Monday, 16 January 2012

THOUSAND CORNER SEAFOOD BALLS


As families get together for the Chinese new year, the table is filled with numerous dishes with auspicious symbolisms. It is considered lucky to eat round shaped food to symbolize unity. Shrimps and prawns symbolize happiness and good fortune. Thousand corner shrimp balls, considered a lucky food, is one of the dishes that are commonly served. 





Chinese food is very textural. A lot of ingredients are put in for their texture rather than taste. Techniques are used to alter the texture of some ingredients. Have you noticed how a lot of dumplings have a bouncy texture? I just love that and have tried to recreate it at home with no success. Apparently the mixture has to be picked up and thrown against the mixing bowl repeatedly to develop a bouncy texture. With fish pastes and prawn pastes, they are pounded together to develop the stickiness and bounce. I have neither the know how nor skill to do these things so I developed a shortcut method to give me a similar result with the minimum effort. I used an ingredient that already has "the bounce" in it: crab sticks. I use crab sticks a lot in cooking because it is inexpensive, readily available and has a lot of taste. Not all seafood are tasty but crab sticks have a consistent taste and texture. They also give that mottled look that's so pretty. 


Instead of breadcrumbs, these seafood balls have a coating of miniscule croutons, hence called thousand corner. Making sure that the croutons are dry before using to coat the balls will result to maximum crunch. The contrasting texture of the seafood filling and the crunchy coating is just fantastic. 




Ingredients:


1 c. raw peeled prawns
8 crab sticks
1 tbsp. of finely chopped spring onions (white part only)
2 tbsps. corn flour
1 tsp. light soy sauce
1/2 tsp. salt
1/2 tsp. sugar
1/2 tsp. sesame oil
2 c. very dry mini croutons (see instructions below)


Put all of the ingredients, except for the croutons, in a food a processor and grind into a paste. 


I used a stale baguette to make the croutons because I can slice it as thinly as I want to. It has to be a dense bread with small uniform holes. Slice the baguette then, take the crusts off. Finely dice. Leave to dry or dry in a cool oven for a few minutes.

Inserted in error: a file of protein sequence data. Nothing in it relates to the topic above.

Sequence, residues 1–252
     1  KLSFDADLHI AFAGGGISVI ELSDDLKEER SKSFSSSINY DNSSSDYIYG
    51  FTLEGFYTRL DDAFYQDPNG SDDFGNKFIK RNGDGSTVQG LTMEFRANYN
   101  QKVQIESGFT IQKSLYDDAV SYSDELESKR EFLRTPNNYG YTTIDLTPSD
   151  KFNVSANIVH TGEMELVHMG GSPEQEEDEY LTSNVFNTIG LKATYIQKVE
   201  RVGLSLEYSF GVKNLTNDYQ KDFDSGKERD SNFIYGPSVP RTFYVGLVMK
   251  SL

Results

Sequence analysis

Drop tablespoonfuls of the prawn and crab stick mixture into the croutons. I used a measuring spoon and a spatula to make the balls. The mixture is pretty sticky but if you use the spoon to scoop it out and run the spatula  around the edge of the spoon, it drops into a sort of spherical shape. Cover with croutons and roll into shape. You won't even get your hands dirty if you do this. 


Heat up some cooking oil in a wok. Fry the balls for 2-3 minutes on medium heat. Turn them around constantly so you don't scorch the bread coating. They are done when puffed up and golden brown in colour. Drain on kitchen paper and serve with sweet chilli sauce.


This recipe makes approximately 12 balls.

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11 comments:

  1. Mind-blowing procedure! Awesome photos.
    Very cool indeed. Happy New Year!
    LL

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  2. Nice. Top notch photos and excellent narrative. The recipe speaks for itself. Awesome.

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  3. Oh what a delicious seafood balls you have made. I am going to do this for my reunion dinner! Thank you lots and lots!

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  4. Even though I can't eat these (allergy) I am drooling at the thought of them. They are perfectly beautiful with the soft, colorful center and the crunchy, squared coating. Great photos too.

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  5. Wow those are cool looking and they look delicious! Great job!

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  6. wow they are amazing! this post convinced me to become your newest follower.

    V.
    http://inizibeginningscomienzos.blogspot.com/

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  7. It must taste wonderful with sweet and spicy sauce. Thank you for sharing the recipe, Adora!

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  8. Ohhh Adora! My mom makes the similar one with shrimp! She actually made shrimp ball this time when she visited but we didn't have bread to make these squares, so she just used panko. It's one of her signature dishes. Now that you cooked I wish that we bought bread to make it... I can already tell this crunchy texture... it's my favorite! Your crab version sounds awesome!

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  9. These sound delicious! Great photos!

    corner kitchen table

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  10. Fabulous. I have been looking back through your posts. You have so many great recipes!

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